B. …

The rest of this article is only available to active members of Questia

Sign up now for a free, 1-day trial and receive full access to:

  • Questia's entire collection
  • Automatic bibliography creation
  • More helpful research tools like notes, citations, and highlights
  • Ad-free environment

Already a member? Log in now.

Notes for this article

Add a new note
If you are trying to select text to create highlights or citations, remember that you must now click or tap on the first word, and then click or tap on the last word.
One moment ...
Default project is now your active project.
Project items

Items saved from this article

This article has been saved
Highlights (0)
Some of your highlights are legacy items.

Highlights saved before July 30, 2012 will not be displayed on their respective source pages.

You can easily re-create the highlights by opening the book page or article, selecting the text, and clicking “Highlight.”

Citations (0)
Some of your citations are legacy items.

Any citation created before July 30, 2012 will labeled as a “Cited page.” New citations will be saved as cited passages, pages or articles.

We also added the ability to view new citations from your projects or the book or article where you created them.

Notes (0)
Bookmarks (0)

You have no saved items from this article

Project items include:
  • Saved book/article
  • Highlights
  • Quotes/citations
  • Notes
  • Bookmarks
Notes
Cite this article

Cited article

Style
Citations are available only to our active members.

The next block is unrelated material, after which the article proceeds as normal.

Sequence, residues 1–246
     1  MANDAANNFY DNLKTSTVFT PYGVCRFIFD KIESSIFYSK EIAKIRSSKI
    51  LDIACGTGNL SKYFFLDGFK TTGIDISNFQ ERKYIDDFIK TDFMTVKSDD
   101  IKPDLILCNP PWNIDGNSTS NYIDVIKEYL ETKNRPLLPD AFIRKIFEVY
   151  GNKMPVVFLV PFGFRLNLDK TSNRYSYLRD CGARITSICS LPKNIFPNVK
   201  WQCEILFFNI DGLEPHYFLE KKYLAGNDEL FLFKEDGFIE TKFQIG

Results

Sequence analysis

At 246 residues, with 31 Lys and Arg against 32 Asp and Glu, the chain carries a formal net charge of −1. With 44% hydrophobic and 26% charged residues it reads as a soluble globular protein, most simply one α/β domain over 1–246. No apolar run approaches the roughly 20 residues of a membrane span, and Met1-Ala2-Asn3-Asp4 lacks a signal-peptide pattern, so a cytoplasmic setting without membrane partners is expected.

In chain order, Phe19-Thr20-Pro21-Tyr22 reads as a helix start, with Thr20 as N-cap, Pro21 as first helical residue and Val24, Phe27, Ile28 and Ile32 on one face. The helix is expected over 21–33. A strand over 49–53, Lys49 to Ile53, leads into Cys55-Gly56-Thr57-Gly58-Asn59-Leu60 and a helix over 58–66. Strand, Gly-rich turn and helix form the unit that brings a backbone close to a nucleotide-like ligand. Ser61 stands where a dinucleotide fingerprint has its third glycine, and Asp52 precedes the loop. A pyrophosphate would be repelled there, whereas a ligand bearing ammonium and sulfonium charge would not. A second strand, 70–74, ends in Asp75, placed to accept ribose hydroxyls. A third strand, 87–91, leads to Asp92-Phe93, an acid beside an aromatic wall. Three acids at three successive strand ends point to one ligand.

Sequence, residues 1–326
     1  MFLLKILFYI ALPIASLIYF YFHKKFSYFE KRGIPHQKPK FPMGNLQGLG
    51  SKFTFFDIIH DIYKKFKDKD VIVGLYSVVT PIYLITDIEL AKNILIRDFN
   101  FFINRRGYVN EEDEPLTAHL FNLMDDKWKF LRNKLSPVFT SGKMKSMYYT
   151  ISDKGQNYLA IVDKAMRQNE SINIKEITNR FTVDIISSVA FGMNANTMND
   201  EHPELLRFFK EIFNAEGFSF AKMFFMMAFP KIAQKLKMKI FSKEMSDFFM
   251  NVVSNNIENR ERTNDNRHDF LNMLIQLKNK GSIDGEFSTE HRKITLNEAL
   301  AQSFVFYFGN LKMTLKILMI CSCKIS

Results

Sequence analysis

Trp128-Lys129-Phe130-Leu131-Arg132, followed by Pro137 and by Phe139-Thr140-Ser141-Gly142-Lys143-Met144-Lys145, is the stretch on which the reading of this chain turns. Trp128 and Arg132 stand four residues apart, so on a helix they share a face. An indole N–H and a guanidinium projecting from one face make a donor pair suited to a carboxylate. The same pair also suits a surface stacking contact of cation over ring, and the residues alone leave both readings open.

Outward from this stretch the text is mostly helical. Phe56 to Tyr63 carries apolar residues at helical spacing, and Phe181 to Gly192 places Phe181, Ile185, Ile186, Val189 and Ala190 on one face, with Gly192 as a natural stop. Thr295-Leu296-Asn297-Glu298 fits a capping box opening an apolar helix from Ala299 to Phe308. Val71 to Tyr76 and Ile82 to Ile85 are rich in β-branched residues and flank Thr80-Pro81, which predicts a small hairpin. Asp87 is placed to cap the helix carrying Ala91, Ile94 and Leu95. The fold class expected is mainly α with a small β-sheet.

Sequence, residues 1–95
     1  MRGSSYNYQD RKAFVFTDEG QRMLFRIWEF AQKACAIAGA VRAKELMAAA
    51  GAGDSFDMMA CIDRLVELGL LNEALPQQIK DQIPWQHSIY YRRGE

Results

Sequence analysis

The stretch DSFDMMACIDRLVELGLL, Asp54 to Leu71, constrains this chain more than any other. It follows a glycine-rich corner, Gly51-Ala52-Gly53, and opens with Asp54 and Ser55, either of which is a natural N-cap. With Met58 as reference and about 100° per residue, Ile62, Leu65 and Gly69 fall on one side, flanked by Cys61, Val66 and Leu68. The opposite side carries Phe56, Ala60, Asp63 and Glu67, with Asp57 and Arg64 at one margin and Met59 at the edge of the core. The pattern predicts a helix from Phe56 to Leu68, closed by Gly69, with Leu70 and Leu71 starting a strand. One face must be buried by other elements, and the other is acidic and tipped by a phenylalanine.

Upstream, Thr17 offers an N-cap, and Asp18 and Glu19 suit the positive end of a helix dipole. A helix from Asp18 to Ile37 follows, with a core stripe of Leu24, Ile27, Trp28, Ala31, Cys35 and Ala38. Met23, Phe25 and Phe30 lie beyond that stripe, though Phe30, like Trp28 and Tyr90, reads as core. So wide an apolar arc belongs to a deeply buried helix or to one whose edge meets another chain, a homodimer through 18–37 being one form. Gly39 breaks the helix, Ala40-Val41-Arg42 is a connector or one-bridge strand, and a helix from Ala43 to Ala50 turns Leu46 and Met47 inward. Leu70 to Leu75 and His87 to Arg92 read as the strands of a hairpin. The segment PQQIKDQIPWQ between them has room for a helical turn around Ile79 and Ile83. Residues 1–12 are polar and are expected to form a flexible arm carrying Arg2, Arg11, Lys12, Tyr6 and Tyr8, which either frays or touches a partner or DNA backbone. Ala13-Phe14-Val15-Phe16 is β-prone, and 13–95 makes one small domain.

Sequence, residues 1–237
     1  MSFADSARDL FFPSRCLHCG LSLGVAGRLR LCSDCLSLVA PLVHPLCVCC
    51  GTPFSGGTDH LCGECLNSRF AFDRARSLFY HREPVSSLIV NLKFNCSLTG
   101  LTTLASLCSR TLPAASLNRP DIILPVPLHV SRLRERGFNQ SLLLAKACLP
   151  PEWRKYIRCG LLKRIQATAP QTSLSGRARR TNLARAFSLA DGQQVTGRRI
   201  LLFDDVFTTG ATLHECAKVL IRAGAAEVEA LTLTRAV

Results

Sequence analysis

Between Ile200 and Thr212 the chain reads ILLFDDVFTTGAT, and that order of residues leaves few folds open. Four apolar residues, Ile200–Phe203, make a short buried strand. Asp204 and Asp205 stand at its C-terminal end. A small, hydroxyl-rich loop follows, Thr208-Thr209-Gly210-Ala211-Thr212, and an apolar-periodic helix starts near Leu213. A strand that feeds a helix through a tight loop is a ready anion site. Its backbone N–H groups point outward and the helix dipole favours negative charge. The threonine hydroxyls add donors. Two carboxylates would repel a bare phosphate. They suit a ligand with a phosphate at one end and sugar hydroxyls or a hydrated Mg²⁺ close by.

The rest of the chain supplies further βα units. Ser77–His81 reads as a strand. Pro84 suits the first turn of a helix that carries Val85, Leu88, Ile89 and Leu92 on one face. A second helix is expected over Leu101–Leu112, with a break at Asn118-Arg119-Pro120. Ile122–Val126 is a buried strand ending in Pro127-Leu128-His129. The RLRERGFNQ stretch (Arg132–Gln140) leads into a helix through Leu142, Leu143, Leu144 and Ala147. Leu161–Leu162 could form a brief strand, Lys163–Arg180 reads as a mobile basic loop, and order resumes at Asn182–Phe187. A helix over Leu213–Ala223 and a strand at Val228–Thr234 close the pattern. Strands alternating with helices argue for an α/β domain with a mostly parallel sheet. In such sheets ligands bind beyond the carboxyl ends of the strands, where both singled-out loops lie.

Sign up now to cite pages or passages in MLA, APA and Chicago citation styles.

(Einhorn, 1992, p. 25)

(Einhorn 25)

1

1. Lois J. Einhorn, Abraham Lincoln, the Orator: Penetrating the Lincoln Legend (Westport, CT: Greenwood Press, 1992), 25, http://www.questia.com/read/27419298.

Cited article

International Corporate Corruption: Why the Foreign Corrupt Practices Act Is Not Enough to Stop Widespread Usage of Shaving Cream Pies
Settings

Settings

Typeface
Text size Smaller Larger Reset View mode
Search within

Search within this article

Look up

Look up a word

  • Dictionary
  • Thesaurus
Please submit a word or phrase above.
Print this page

Print this page

Why can't I print more than one page at a time?

Full screen

matching results for page

Cited passage

Style
Citations are available only to our active members.
Sign up now to cite pages or passages in MLA, APA and Chicago citation styles.

"Portraying himself as an honest, ordinary person helped Lincoln identify with his audiences." (Einhorn, 1992, p. 25).

"Portraying himself as an honest, ordinary person helped Lincoln identify with his audiences." (Einhorn 25)

"Portraying himself as an honest, ordinary person helped Lincoln identify with his audiences."1

1. Lois J. Einhorn, Abraham Lincoln, the Orator: Penetrating the Lincoln Legend (Westport, CT: Greenwood Press, 1992), 25, http://www.questia.com/read/27419298.

Cited passage

Welcome to the new Questia Reader

The Questia Reader has been updated to provide you with an even better online reading experience.  It is now 100% Responsive, which means you can read our books and articles on any sized device you wish.  All of your favorite tools like notes, highlights, and citations are still here, but the way you select text has been updated to be easier to use, especially on touchscreen devices.  Here's how:

1. Click or tap the first word you want to select.
2. Click or tap the last word you want to select.

OK, got it!

Thanks for trying Questia!

Please continue trying out our research tools, but please note, full functionality is available only to our active members.

Your work will be lost once you leave this Web page.

For full access in an ad-free environment, sign up now for a FREE, 1-day trial.

Already a member? Log in now.